I hate these days. If you’re healthy, you might think a day lounging round in your PJs watching Netflix sounds great, but to me, it’s a regular occurrence and stops me from doing even basic things I want to do. Even things like showering, for example.
I’ve given these names to these days myself. So a rest day is where I don’t do anything outside the house unless I absolutely have to (medical appointments being the only exception). I won’t have a shower, I’ll stay in my PJs and I’ll do as little as possible. I might write an easy blog on my phone (like this one, where I just type and little thought goes into it) or do something like colouring or knitting from time to time, but I spend most of the time lying down- sitting up activities are limited because sitting up requires energy. I’ll extend my afternoon nap and maybe have a nap in the morning as well, depending on how much of a rest day I need. This is how I spend most of my week. It’s boring but necessary. Over Christmas, I made the mistake in thinking I could talk while lying down on a rest day while my parents were here. Nope, talking was too much effort, so I needed a sleep day the next day. Today is a rest day because I went to three medical appointments yesterday and it was too much in one day- but it’s not too bad a day for a rest day :).
A sleep day, unsurprisingly, is where I sleep almost all day (like 21 hours out of 24). I pretty much get woken up for tablets and meals and maybe watch a little bit of TV. It’s not a ‘I’m tired, I think I’ll have a nap now’ kind of sleep, it’s a ‘if I don’t sleep right now I think I might die’ sleep. I basically pass out. My husband sometimes can shake me for minutes at a time trying to wake me up and I won’t wake up. For days when I’m by myself, I’ve now got an app on my phone which tells me when to take my tablets and alarms go off until I tell it i’ve take them, or it alerts my husband on his phone. Because my pills are really time sensitive and keep me alive, if I miss a dose because I’m not able to wake up, it’s actually pretty dangerous, so my husband would ring or come home to make sure I take them. Except I once went out with a friend and forgot to tell my phone that I’d had them, and my husband tried ringing me and my friend to make sure I was still alive…. oops!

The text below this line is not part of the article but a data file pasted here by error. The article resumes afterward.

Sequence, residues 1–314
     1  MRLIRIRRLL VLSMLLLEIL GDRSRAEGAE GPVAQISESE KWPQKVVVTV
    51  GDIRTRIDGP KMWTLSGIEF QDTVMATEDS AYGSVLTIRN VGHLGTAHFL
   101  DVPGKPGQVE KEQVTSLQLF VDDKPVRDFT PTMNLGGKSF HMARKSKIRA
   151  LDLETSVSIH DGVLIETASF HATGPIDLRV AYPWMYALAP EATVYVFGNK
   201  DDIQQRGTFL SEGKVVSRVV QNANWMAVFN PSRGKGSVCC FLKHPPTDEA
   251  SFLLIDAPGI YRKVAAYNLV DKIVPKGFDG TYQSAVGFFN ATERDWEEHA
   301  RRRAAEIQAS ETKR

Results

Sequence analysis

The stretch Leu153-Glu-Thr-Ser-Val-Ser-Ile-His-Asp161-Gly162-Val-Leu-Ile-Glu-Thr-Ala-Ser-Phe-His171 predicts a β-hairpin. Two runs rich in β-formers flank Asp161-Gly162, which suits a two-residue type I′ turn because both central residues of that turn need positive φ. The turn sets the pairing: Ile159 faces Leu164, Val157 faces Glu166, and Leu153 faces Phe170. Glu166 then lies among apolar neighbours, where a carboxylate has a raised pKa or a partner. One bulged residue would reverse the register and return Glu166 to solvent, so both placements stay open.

Most days, I wake up and it takes me an hour to be able to sit up in bed, firstly because I can’t keep awake, secondly because I haven’t got the energy to be able to sit up. I’ve got lots of alarms for this bit too! Then I get up and sit at the top of the stairs for a rest before going down them, because I don’t have coordination on bad days and I can’t actually work out where the stairs are in relation to where I put my feet. If my husband’s there, I sometimes get him to walk in front of me to make sure I don’t fall down. Once I eventually get downstairs, I swallow my tablets (there are some in my bedroom in case I can’t get that far) and about 20 minutes later try to get breakfast. I really, really hate the process because it kind of feels like I died overnight and got revived, and I feel like I’ve been hit by a bus. The only thing which makes this whole process bearable is the fact that I’ve got a friend who gets up with her baby around the same time, so I usually talk to her via message. It always cheers me up no matter what I wake up feeling like. I have to get up and eat and have my medications by 8.30am at the latest, but once I’ve done that, I’ll go back to sleep until my next dose at 12.30 on a sleep day or I’ll lie down on the sofa and doze on a rest day. On ‘good’ days, I’ll do something like watch TV and colour or knit.
It feels a bit like I’m sleeping my life away, which is why I hate it so much, particularly at the moment as I seem to be going through a ‘what am I doing with my life?’ phase. (Answers on a postcard please). But, if I don’t sleep or rest when I need to, I could die (by way of adrenal crisis) because I haven’t been asleep or rested for enough time and I’ve run out of cortisol. No matter how hard you try, it’s incredibly difficult to live a fulfilling life from your living room in your PJs. It’s not an illness I’ll get better from, either, which makes it more tricky for me to deal with mentally- there’s no ‘end date’, just a vague ‘let’s hope we can get it stable so things might improve’. So on days when I’m alone by myself having to take forced rest, it’s really hard not to be critical and negative about yourself, which is exhausting in itself, let alone when you add it to the other symptoms. For most people, distracting yourself would be a coping mechanism, but I can’t distract myself on these days because it’d burn the energy I’m trying to conserve which is why I’m resting in the first place.
My chats with my friend via message, texting people, Netflix and social media are my lifeline. Or things I can do on my phone while lying down which don’t require too much brainpower. If I have to be cut off from the world physically, at least I can talk to people virtually while I’m doing it and don’t feel quite so isolated.
It’s time for my afternoon nap now 😉